In "To Kill a Mockingbird" why does Bob Ewell feel he has to "get back" at the judge and the Finches?

Expert Answers
mrs-campbell eNotes educator| Certified Educator

Well, Bob officially "won" the court case, but everyone in that courtroom, if they were thinking straight, knew that he was a lousy scumbag that beat up his own daughter and blamed an innocent black man of raping her to cover it up.  Atticus, through his questioning of Mayella and Tom, made it pretty clear that Tom was innocent, and that Bob was the no-good child abuser that was responsible for Mayella's injuries and Tom's arrest.  So, even though the verdict was what Bob Ewell wanted, he felt that his reputation was ruined.  His pride was injured.  He felt exposed for the fraud that he was, and the way that a lot of people react to that is defensively.  Bob blamed Atticus and the Judge (who wasn't very nice to him either) for making people in the town think poorly of him.  It is easier to blame Atticus for framing him, and to try to pass his behavior off that way, than to accept the blame for what he did.  So, he reacts by unleashing his revenge for having been so poorly mistreated by Atticus and the judge.  He wants to vindicate his "honor".  He is mad that they made him look so bad.  And, he does; he sneaks about, spits on Atticus, and in the end, makes the very awful attack that is the dramatic end of the novel.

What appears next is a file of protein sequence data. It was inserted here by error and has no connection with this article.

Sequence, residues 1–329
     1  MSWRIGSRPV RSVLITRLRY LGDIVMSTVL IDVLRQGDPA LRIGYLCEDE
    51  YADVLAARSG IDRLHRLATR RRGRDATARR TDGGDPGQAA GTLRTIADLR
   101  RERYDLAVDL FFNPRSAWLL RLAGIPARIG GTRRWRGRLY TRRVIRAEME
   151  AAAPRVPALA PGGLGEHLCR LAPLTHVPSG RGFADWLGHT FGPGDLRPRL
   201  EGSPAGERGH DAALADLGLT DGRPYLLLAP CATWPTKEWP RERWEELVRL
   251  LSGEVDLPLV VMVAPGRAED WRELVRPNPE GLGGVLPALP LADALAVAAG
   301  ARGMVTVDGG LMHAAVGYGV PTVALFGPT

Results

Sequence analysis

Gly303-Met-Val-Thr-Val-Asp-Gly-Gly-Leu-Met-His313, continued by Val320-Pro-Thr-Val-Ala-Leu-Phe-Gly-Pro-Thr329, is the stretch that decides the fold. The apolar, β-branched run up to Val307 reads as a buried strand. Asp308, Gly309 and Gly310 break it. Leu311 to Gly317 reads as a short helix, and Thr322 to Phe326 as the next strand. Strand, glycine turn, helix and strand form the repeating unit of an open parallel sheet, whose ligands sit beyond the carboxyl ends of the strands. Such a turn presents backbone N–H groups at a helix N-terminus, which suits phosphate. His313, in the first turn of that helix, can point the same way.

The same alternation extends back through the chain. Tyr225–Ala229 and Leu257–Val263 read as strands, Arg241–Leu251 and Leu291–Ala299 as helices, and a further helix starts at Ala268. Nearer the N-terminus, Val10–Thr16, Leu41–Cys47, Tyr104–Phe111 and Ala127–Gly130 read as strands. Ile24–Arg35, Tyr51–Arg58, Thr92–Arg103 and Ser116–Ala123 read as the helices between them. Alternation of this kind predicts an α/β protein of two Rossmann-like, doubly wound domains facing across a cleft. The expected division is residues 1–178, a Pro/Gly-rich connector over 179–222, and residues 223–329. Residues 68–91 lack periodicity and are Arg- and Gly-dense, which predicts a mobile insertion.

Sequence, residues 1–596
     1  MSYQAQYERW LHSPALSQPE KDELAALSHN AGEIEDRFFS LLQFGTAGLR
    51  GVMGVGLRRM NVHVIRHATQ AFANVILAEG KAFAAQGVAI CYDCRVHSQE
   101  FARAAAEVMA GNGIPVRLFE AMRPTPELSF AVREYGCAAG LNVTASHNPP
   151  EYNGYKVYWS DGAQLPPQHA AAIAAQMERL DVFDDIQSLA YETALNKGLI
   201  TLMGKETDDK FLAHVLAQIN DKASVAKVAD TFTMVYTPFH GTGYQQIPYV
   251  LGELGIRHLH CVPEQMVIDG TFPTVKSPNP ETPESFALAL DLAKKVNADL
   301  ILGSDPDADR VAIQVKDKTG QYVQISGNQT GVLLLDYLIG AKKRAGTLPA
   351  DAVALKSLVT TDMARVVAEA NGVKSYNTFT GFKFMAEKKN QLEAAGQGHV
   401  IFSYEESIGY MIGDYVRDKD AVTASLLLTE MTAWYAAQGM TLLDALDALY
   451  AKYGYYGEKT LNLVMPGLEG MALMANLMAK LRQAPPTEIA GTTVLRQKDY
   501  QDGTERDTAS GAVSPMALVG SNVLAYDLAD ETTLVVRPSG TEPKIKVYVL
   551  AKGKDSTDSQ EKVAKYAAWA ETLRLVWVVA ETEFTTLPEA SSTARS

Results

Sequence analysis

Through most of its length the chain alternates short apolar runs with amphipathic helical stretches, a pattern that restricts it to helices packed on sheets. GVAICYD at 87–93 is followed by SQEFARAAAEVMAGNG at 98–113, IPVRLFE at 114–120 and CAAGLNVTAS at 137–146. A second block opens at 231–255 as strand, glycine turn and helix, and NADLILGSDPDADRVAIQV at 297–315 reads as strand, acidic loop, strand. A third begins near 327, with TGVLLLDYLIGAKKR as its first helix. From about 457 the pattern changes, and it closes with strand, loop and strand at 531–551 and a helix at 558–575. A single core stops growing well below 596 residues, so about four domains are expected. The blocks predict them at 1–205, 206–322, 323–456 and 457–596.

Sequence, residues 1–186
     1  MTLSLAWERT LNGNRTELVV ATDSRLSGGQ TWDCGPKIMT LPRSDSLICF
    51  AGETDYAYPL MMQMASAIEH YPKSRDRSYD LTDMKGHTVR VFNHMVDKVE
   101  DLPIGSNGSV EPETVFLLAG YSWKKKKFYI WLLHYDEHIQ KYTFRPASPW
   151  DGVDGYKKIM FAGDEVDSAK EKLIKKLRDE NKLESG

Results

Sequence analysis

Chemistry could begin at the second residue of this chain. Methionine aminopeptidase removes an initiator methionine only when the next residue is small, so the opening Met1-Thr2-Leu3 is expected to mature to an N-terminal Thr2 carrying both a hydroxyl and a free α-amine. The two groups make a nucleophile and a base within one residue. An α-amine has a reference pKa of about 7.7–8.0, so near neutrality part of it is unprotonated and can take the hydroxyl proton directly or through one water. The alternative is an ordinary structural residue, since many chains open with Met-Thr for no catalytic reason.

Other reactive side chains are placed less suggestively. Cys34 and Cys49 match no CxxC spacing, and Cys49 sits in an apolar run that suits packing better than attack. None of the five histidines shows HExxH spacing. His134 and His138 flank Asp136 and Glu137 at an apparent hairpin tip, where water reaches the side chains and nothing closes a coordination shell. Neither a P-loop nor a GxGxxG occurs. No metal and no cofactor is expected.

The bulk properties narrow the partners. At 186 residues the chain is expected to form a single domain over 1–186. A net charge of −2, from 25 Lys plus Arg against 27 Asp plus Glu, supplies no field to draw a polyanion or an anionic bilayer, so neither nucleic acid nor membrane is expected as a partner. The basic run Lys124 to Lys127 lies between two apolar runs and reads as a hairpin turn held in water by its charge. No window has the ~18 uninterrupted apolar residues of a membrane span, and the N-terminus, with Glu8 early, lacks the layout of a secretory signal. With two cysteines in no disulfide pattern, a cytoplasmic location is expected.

Read the study guide:
To Kill a Mockingbird

Access hundreds of thousands of answers with a free trial.

Start Free Trial
Ask a Question